As Old Man Winter makes his callous return, those of us who’d rather forgo an alternative winter sport must make the transition into cold-weather running. And it’s not always easy. Harsh climates can make it tough to get motivated for long hours of ultra training, but with the proper planning, gear and mindset, running in snow and icy conditions can actually be pretty amazing.
The first dump of heavy snow usually means mountain trails are officially closed, and our choices are limited to whatever remains runnable. Just make sure to head out prepared because we’ve all been there – a few miles into a long run with the realization that your hydration source is frozen solid and you’ve got no choice but to turn around. An easy way to prevent a frozen tube on a hydration vest or a water bottle from becoming an icicle, is to keep them covered. Wear the vest or bottle under your jacket, and keep the tube and/or nozzle covered to utilize body heat. Blowing air into the tube after a sip from your H2O vest will also keep it from freezing. Don’t’ forget to tuck gels and blocks in warm spots to prevent future fueling nightmares (just beware of chafing).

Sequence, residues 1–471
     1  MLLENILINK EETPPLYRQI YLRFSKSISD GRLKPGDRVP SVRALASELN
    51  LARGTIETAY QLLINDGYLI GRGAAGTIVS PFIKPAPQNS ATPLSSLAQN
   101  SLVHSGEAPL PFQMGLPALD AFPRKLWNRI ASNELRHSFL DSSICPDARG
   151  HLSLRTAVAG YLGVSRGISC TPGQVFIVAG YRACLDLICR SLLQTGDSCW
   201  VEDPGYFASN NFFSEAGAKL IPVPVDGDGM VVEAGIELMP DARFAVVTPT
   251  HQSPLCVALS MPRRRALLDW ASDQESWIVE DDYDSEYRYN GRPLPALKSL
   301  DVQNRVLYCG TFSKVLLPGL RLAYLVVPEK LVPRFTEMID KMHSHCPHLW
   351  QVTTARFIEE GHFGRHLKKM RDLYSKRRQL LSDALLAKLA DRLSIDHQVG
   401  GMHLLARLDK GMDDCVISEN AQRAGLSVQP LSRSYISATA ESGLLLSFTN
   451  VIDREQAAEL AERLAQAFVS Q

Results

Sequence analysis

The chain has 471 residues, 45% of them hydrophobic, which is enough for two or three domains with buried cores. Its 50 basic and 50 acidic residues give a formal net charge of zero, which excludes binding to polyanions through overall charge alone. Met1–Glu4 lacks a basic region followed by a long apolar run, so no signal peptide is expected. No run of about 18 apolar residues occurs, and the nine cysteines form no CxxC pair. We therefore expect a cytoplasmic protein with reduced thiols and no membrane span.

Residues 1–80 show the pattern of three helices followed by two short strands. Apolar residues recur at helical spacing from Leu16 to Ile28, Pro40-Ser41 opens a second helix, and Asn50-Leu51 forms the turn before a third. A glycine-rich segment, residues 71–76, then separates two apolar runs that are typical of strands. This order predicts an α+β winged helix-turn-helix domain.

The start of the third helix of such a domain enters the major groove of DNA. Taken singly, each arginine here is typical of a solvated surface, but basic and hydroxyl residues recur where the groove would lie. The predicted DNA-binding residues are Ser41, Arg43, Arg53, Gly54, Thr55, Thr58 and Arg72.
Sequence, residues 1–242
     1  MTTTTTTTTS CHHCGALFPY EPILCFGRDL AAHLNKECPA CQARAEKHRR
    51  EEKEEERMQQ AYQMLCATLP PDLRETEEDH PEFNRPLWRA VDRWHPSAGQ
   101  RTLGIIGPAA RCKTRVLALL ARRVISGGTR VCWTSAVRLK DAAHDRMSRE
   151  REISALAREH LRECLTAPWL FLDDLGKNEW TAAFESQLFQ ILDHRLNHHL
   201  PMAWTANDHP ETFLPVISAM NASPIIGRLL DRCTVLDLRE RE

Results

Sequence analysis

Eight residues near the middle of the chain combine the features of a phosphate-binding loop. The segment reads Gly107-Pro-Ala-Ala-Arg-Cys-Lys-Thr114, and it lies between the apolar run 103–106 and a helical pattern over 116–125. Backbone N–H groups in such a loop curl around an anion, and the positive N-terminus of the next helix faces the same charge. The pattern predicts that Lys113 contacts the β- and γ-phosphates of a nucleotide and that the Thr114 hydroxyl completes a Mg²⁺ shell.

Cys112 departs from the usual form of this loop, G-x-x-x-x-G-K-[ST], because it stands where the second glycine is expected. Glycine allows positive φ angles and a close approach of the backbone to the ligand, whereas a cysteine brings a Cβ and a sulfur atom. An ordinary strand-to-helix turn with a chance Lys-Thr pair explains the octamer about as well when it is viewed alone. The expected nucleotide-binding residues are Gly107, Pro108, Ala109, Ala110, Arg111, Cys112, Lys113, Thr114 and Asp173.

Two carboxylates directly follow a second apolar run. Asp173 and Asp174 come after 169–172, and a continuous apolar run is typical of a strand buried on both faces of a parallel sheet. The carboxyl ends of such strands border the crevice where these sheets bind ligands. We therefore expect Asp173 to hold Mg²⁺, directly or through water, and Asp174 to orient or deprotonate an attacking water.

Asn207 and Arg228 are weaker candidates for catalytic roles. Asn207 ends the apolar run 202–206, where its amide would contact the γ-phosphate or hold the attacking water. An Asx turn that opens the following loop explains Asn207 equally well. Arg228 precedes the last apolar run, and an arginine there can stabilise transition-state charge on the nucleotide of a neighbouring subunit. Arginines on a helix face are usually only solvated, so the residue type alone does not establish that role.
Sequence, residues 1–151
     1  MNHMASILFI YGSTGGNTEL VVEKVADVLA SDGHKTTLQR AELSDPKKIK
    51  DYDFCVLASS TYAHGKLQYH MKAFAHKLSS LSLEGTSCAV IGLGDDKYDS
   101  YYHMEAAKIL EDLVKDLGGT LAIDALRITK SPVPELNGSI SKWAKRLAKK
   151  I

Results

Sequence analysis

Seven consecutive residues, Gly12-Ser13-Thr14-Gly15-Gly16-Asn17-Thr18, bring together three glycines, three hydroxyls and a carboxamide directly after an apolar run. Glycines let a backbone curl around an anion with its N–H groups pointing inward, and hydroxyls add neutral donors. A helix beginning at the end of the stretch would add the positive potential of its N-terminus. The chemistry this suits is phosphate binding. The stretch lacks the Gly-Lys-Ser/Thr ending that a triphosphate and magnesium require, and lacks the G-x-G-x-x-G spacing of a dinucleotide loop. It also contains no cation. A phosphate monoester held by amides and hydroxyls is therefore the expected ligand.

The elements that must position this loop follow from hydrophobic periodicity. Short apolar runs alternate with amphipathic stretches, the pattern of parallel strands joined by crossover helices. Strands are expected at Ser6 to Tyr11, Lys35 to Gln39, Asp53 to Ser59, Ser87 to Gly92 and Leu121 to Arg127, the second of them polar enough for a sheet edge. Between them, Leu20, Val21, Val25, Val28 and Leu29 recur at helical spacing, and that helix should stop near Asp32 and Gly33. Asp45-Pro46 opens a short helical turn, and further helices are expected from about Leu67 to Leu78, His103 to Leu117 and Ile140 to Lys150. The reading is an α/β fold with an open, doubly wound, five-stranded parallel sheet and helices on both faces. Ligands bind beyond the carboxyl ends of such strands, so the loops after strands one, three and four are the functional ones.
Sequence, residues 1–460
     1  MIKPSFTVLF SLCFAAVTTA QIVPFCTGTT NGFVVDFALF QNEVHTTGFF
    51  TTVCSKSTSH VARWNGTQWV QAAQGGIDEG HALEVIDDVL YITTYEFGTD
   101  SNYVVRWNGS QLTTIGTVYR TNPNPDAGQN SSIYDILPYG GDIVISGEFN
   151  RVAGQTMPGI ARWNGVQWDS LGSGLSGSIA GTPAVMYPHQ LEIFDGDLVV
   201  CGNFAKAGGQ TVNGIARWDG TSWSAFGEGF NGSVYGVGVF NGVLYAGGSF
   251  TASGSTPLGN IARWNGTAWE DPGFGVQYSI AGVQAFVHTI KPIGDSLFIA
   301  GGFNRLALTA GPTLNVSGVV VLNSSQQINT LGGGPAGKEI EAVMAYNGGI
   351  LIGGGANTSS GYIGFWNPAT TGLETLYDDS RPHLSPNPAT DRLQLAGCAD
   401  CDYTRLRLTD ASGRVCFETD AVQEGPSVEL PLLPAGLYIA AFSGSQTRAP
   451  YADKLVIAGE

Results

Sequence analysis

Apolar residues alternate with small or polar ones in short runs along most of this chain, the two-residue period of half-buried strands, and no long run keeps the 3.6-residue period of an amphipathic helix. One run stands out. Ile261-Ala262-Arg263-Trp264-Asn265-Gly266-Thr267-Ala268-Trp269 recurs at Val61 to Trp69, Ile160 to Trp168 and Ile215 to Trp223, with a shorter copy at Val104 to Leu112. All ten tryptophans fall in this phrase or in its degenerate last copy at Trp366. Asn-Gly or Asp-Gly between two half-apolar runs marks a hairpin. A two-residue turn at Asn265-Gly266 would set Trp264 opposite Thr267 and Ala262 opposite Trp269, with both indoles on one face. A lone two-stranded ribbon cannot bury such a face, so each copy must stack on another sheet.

Slick surfaces can be a runner’s worst nightmare and while I’ve found that most of my trail shoes have powder-worthy tread, it never hurts to be overly cautious. Sheet metal screws drilled into the thicker points of a shoe’s sole will keep your feet from slipping sideways in most conditions. And when it comes to attire, plan on wearing multiple layers – socks included. Keeping your body warm and dry is essential when heading out for any run in the elements, especially if you’re planning on being out for hours. Investing in hand warmers – disposable or rechargeable – will keep your mittens toasty in the early morning freezing temps.
Once you’re out there, a mile can feel like five if the snow is deep. While pushing through a run, your body is also trying to stay warm – and burning calories doing both. Ease up on the intensity of your workout and enjoy the effort instead. The energy you put into winter workouts will pay off in the spring, so adjust accordingly to avoid injury. Sometimes it’s easy to forget that the best running can be had while making early morning tracks in fresh powder, or during late night excursions under falling flakes (and stars).